Amy Hardison White

Boosting Cash Flow Using Invoice Factoring and Invoice Financing

Let’s face it: small business owners struggle with cash flow issues. Although many business-to-consumer (B2C) transactions require payment in full at the time of purchase, business-to-business (B2B) transactions frequently delay payment until 30, 60 or 90 days after. These businesses still need to pay their own bills in the form of rent, utilities, work supplies and employee wages.

What can you do as a business owner when you need cash now? Taking out a loan from a local bank may seem like a logical option, but not necessarily a feasible one if you don’t qualify. Banks frequently reject small business loans for reasons like low credit scores (or no credit history), loan requests being too small, and even the reason you need the loan in the first place - poor cash flow.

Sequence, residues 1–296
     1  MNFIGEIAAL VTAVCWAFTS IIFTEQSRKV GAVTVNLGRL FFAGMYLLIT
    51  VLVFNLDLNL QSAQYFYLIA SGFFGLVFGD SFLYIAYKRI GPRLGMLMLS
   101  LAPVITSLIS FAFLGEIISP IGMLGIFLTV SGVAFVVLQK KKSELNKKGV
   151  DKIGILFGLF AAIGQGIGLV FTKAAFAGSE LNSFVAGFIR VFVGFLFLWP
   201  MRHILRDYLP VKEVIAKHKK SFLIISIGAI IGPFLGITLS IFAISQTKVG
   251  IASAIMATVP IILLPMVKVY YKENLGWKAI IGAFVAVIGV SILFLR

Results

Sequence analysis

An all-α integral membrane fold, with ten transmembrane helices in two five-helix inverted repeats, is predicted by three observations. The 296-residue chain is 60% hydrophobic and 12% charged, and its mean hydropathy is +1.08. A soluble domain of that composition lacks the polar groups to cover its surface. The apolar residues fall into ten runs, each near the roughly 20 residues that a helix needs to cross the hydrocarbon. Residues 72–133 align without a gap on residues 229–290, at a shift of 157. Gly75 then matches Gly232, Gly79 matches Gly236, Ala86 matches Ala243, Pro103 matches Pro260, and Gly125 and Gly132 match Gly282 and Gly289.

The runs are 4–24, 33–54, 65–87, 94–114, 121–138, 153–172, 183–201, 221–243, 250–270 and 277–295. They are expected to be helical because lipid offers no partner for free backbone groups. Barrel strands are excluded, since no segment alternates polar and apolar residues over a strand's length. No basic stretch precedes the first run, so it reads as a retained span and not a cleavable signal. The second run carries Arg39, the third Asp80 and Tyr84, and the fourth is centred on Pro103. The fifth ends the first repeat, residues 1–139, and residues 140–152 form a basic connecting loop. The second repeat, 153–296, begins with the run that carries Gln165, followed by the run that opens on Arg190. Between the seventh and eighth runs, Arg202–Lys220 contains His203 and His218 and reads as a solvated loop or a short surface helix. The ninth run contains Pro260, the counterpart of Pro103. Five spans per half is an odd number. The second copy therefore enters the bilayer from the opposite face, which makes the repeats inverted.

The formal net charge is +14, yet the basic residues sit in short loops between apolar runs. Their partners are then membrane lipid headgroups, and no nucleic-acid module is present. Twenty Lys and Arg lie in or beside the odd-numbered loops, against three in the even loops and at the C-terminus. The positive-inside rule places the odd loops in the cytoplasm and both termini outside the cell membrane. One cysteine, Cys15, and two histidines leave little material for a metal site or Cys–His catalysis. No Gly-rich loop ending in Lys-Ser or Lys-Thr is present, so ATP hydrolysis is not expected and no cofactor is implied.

With limited cash flow and no access to a line of credit, it might seem like you are out of options. Fortunately, there are several industries that have cropped up to help solve the common problem of weak cash flow - invoice factoring and invoice financing. Though they have distinct differences, both can help get you the cash you need quickly.

Invoice Factoring

According to Wikipedia, invoice factoring (or just factoring) “is a financial transaction and a type of debtor finance in which a business sells its accounts receivable (i.e., invoices) to a third party (called a factor) at a discount. A business will sometimes factor its receivable assets to meet its present and immediate cash needs.” Invoice factoring companies only offer their products and services to other businesses or government entities.

Invoice factoring companies are to businesses what check-cashing services are to individuals. Let’s say Joe receives a check for $10,000. Joe needs the funds immediately to pay his rent and household bills.

If Joe takes this check to the bank, they might place a hold on it before he can access the funds. If he takes the check to a check-cashing service, he will likely be able to cash his check that day - for flat fee plus a percentage fee based on the total amount of the check, likely between 2.5 and 5 percent.